This book deals with the history of sociology in Germany from late nineteenth century to the present day. Starting with the sociology in the German Reich, the processes of institutionalization in the Weimar Republic, and the deep rupture caused by National Socialism, the following history focuses especially on the period after 1945. It presents the intellectual, institutional, and conflict-laden courses and trends of the history of sociology in Germany in its economic, political, social, and cultural contexts.

However, this book presents only a brief history of sociology in Germany. Given the long, complex, and extremely influential tradition of sociology in Germany, it would actually may require a multi-volume project. Therefore, this book provides more of an introductory overview, which nevertheless deals with the most important institutional developments, controversies, actors, theories, and methods of post-war sociology in Germany. Crucially, this book does not deal with “German sociology,” a phrase used in the literature to characterize a specific kind of sociology, which has served National Socialism.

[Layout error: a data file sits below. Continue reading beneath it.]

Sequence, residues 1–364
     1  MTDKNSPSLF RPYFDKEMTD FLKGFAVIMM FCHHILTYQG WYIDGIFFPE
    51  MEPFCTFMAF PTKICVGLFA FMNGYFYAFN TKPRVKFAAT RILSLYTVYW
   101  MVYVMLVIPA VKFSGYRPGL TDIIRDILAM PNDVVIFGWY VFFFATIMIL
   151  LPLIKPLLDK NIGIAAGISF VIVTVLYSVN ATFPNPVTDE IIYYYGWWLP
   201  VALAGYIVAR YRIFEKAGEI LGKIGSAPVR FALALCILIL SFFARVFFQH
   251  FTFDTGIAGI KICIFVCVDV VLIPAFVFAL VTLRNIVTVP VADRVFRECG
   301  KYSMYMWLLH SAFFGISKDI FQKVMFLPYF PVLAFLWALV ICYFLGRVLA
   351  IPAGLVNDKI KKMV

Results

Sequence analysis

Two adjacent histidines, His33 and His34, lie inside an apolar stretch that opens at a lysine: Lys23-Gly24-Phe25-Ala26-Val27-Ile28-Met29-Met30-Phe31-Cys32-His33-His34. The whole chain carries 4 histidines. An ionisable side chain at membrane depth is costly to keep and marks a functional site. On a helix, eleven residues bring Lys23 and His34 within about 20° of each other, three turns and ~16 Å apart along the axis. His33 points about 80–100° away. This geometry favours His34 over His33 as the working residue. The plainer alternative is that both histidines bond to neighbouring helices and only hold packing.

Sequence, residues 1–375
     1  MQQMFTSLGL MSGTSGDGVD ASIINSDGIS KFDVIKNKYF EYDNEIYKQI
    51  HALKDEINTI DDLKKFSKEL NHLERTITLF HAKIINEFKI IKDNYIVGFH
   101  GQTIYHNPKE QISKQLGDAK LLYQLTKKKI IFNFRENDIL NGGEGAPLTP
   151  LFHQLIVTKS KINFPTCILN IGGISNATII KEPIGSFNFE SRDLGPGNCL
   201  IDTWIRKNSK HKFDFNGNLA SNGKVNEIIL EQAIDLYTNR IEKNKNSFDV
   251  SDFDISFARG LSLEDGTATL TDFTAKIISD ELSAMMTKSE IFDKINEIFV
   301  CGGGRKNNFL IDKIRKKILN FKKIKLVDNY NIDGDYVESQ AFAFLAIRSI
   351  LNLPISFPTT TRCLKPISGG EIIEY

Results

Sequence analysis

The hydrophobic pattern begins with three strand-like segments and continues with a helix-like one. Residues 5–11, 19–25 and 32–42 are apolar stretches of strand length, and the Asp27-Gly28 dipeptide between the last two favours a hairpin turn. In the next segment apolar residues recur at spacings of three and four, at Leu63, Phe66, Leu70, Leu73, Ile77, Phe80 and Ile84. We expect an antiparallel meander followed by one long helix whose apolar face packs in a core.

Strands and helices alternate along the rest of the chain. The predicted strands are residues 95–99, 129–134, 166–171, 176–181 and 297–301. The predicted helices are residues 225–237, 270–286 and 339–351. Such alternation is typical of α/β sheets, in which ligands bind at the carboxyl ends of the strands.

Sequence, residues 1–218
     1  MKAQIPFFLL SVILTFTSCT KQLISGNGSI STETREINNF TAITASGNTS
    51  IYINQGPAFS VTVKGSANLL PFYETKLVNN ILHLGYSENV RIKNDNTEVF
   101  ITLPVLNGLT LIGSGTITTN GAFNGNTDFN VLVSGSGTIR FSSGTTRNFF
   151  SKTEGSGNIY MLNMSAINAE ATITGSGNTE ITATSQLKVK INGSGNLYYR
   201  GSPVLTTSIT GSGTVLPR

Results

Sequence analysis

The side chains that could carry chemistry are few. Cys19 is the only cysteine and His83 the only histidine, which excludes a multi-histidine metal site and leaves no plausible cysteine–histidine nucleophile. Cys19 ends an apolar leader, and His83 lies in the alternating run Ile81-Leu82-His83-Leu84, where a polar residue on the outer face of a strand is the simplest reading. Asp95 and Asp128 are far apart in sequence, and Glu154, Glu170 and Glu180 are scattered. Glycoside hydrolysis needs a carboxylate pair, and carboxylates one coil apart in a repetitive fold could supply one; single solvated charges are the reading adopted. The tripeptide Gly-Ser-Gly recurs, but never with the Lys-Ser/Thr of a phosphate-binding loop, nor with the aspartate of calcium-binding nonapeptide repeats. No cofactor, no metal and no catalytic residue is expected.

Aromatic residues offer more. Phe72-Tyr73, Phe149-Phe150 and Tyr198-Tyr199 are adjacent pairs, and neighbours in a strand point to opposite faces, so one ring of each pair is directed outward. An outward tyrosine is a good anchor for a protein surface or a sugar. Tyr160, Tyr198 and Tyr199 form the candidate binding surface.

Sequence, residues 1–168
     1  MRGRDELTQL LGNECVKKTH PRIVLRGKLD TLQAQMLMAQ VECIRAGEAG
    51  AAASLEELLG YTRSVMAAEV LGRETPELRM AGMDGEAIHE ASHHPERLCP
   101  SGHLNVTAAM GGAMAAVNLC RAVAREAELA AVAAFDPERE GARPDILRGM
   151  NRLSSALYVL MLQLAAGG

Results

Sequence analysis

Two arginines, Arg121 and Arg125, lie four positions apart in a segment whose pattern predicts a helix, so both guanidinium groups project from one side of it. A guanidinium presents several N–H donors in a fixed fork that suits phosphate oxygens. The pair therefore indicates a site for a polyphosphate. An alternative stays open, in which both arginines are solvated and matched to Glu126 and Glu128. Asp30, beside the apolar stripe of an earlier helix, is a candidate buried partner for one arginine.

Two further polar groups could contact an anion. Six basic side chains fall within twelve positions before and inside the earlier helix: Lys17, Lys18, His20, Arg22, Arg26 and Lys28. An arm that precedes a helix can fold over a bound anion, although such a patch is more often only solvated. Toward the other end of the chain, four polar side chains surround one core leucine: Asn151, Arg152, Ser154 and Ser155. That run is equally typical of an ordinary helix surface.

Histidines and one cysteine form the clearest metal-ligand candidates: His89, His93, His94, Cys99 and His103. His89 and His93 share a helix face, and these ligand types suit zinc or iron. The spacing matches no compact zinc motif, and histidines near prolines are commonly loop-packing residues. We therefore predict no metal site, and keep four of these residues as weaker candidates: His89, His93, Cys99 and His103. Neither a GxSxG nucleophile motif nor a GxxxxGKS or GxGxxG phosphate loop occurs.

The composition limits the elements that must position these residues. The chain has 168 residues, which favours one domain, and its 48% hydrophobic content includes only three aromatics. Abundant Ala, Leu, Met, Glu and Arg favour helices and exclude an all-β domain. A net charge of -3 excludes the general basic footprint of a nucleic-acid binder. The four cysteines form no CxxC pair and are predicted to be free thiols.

My presentation is based on the methodology for the history of sociology developed by Lothar Peter in his 2001 contribution to the Jahrbuch für Soziologiegeschichte (Yearbook on the History of Sociology). Taking Wolf Lepenies’ introduction to the four-volume edition of Geschichte der Soziologie (1981; The History of Sociology) and Dirk Kaesler’s (1984) study of early German sociology as his point of departure, Peter (2001, 2015) outlined a methodological research design geared specifically to history-of-sociology analyses. At the heart of such analyses is the analytical distinction of three major dimensions of research in the history of sociology: the cognitive dimension, the social dimension, and the dimension of its history of impact and discourse. The general framework for research on the history of sociology first of all involves contextualizing, by reference to historical reality and social history, the ideas, theories, methods, instruments, institutions, actors, and history of impact to be analyzed. In other words, the object of research must first be considered in the broader context of the societal (economic, political, social, and cultural) processes at the time of its emergence. This framing is to account for the fact that ideas do not surface in a historical and social void but are historically and socially situated or, rather, because of their “existential determination” (Seinsverbundenheit; Mannheim) are only possible at a specific point in time. My own starting point is that I understand sociology as a specific modern response to social problems and crises and thus a scientific and intellectual way of perceiving, interpreting, and solving social problems. Accordingly, a study on the history of sociology or of ideas would have to take contemporary society into consideration as an essential point of reference for the concrete relevance of sociological ideas.